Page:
Excess Weight, Poor Memory Linked

Overweight, Middle-Aged Adults Score Lower on Memory, Other Mental Tests

Medically Reviewed by Louise Chang, MD on October 09, 2006
From the WebMD Archives

Oct. 9, 2006 -- If you're middle-aged and your memory's not what it used to be, check the bathroom scale. Excess weight could be sabotaging your brain power, a new study shows.

The study compared mental abilities to body mass index (BMI), a measurement of weight in relation to height used to define overweight and obesity. A BMI of 25 or more indicates overweight, and 30 or more is obese.

Middle-aged adults with a high BMI scored lower on memory and other mental ability tests than did middle-aged adults with a healthier body mass index, says Maxime Cournot, MD, assistant professor of clinical epidemiology at Toulouse University School of Medicine in France.

Cournot is a researcher for the study, published in the Oct. 10, 2006, issue of the journal Neurology.

"Our results can have an additional motivational effect to modify health habits in people who are overweight," Cournot tells WebMD. "Our conclusions stress the need to implement preventive programs to control obesity before cognitive impairment, as minor as it may be, [occurs]."

The study isn't the first to suggest this link, especially in the elderly, but Cournot's study is larger than some previous ones and included much younger adults.

The French Study

Cournot's team looked at the relationship between BMI and the ability to think, learn, and remember in 2,223 healthy men and women in France who were aged 32 to 62 when the study started in 1996. First, the participants' heights and weights were recorded, and they were divided into five BMI groups, ranging from lowest to highest BMI ranges.

Participants then took a series of tests, including being given a list of 16 words and asked to remember them either immediately or in delayed "free recall," writing down as many words as they could remember from the list. Another test was for selective attention; participants scanned a line of 58 alphabet characters to find a specific letter shown in the margin and cross it out.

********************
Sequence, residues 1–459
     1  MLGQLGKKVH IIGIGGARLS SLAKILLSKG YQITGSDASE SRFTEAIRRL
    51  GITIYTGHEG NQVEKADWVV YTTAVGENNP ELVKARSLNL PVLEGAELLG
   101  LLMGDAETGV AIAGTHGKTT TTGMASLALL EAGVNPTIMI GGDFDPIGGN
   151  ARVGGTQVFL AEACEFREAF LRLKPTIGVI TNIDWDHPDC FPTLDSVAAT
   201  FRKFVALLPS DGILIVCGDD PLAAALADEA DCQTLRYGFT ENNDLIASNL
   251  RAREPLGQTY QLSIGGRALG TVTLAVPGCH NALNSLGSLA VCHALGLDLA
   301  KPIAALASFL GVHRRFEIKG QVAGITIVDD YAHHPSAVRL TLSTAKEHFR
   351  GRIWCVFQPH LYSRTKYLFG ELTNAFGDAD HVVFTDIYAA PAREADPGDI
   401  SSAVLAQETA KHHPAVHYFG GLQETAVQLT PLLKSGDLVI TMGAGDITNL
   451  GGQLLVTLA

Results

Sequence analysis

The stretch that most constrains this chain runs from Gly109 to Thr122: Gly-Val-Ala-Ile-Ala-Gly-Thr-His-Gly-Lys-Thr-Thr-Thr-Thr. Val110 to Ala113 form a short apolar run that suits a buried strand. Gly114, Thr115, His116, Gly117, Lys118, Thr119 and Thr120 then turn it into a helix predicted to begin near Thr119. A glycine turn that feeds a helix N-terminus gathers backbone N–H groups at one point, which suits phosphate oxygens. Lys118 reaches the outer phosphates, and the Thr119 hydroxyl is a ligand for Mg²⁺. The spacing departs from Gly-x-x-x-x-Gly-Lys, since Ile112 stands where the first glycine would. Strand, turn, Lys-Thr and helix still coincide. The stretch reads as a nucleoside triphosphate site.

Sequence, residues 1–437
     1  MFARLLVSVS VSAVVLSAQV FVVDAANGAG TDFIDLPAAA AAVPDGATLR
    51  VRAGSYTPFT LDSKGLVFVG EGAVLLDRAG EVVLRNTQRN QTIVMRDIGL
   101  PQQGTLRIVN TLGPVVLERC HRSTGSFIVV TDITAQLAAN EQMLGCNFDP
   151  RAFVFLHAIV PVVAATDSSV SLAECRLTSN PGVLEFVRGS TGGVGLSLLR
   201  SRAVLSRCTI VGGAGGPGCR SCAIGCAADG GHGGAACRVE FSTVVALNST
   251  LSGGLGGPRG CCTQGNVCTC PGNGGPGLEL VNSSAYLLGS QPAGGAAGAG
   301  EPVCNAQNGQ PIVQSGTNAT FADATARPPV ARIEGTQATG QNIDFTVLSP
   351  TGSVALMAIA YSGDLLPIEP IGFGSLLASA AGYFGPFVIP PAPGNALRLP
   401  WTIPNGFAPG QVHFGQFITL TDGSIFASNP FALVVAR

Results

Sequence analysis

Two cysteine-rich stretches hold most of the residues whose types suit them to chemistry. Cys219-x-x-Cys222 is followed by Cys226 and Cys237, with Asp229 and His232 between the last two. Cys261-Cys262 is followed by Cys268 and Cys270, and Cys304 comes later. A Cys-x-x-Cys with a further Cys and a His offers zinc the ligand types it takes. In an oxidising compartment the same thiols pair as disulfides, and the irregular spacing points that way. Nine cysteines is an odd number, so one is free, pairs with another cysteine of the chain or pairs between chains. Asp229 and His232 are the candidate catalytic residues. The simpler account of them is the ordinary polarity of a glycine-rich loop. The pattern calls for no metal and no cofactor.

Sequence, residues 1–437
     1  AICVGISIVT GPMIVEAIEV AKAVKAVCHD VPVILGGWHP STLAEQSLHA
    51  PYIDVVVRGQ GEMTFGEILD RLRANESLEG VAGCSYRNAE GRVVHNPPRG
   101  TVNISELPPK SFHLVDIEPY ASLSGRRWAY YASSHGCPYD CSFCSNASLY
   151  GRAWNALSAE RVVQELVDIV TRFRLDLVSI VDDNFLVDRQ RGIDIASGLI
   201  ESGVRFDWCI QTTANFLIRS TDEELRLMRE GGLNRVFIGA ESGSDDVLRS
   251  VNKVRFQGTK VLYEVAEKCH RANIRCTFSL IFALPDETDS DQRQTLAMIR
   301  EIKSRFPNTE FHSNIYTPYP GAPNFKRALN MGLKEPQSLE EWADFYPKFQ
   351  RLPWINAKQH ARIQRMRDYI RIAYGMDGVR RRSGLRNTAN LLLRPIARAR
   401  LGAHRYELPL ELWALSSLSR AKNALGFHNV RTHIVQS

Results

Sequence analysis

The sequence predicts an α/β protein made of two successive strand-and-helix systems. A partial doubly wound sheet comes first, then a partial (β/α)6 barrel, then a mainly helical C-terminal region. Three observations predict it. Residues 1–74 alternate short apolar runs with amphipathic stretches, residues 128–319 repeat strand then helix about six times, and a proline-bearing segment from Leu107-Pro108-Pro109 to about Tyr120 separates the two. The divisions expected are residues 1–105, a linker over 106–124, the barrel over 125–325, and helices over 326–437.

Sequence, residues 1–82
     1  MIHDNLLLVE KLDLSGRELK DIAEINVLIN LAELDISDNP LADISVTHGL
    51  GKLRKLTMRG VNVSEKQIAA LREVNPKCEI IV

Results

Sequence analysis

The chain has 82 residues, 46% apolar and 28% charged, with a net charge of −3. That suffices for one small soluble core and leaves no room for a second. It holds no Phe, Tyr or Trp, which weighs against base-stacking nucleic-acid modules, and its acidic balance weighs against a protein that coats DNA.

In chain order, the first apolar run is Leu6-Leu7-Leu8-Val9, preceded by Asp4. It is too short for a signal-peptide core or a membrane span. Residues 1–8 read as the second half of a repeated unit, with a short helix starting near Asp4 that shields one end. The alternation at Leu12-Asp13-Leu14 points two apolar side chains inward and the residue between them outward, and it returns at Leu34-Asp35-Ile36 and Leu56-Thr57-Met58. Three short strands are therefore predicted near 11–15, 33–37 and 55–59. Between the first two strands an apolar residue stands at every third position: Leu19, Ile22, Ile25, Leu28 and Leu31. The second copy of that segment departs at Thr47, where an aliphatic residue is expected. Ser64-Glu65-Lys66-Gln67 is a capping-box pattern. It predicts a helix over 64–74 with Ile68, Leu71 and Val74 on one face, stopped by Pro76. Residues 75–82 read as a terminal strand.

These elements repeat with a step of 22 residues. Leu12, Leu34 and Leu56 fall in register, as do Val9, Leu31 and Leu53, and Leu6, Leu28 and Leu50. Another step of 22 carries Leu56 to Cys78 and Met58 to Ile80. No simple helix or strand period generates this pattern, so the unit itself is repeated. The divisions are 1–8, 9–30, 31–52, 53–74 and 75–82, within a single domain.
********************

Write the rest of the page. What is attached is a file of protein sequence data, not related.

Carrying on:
Five years later, the entire process was repeated.

Among the word-list learning tests, the delayed recall one was most associated with BMI, Cournot says. Those with in the lowest range of BMI (15-21.5) remembered nine of 16 words, while those in the highest BMI range (27.7-45) could remember just seven. The results were linear -- so as BMI went up, the number of words remembered declined.

Those who had a higher BMI in 1996 tended to have a higher decline in mental abilities in 2001, Cournot says. There was no association between changes in BMI from 1996 to 2001 and functioning, but the participants overall did do better on the second round of tests. Cournot says that might be due to familiarity with the tests.

The Underlying Link

What's behind the link? "There are two strong hypotheses," Cournot says. Since obesity can lead to heart and blood vessel disease, including hardening of the blood vessels or atherosclerosis, the brain's blood vessels might be affected and not function as well.

Excess weight can also lead to poorer management of the body's insulin, and that could be affecting brain cells as well.

Other Experts Weigh In

Others familiar with the association say the new study makes sense. "It provides even more support for the ideas that there is a link between excess weight and brain function," says John Gunstad, PhD, an assistant professor of psychology at Kent State University in Kent, Ohio. He gave 486 healthy adults, aged 21 to 82, memory tests and also found that an obese BMI, at any age, reduced memory performance. In his study, published in March 2006 in the journal Eating and Weight Disorders, he found a relationship between obesity and reduced memory performance to be independent of a person's age.

Cournot's study "is consistent with the idea that Alzheimer's disease is the end of a process," says Gary Small, MD, director of the University of California Los Angeles Center on Aging and author of The Memory Bible. "I see a lot of people concerned about their memory," he says. "I always ask them, 'How is your diet?' and 'Do you exercise?'"

Take-Home Points

Obesity and dementia are both on the rise, and Cournot contends that managing obesity in middle-aged adults might help reduce dementia later.

"Try to find ways to manage your weight," Gunstad says. "We've known [for many years] that obesity is linked to high blood pressure and other problems. The fact that its impact on brain function may be independent [of other problems] is newer."

Show Sources

SOURCES: Maxime Cournot, MD, assistant professor of clinical epidemiology, Toulouse University Hospital, France. John Gunstad, PhD, assistant professor of psychology, Kent State University, Kent, Ohio. Gary Small, MD, director, University of California Los Angeles Center on Aging. Neurology, Oct. 10, 2006; vol 67: pp 1208-1214.

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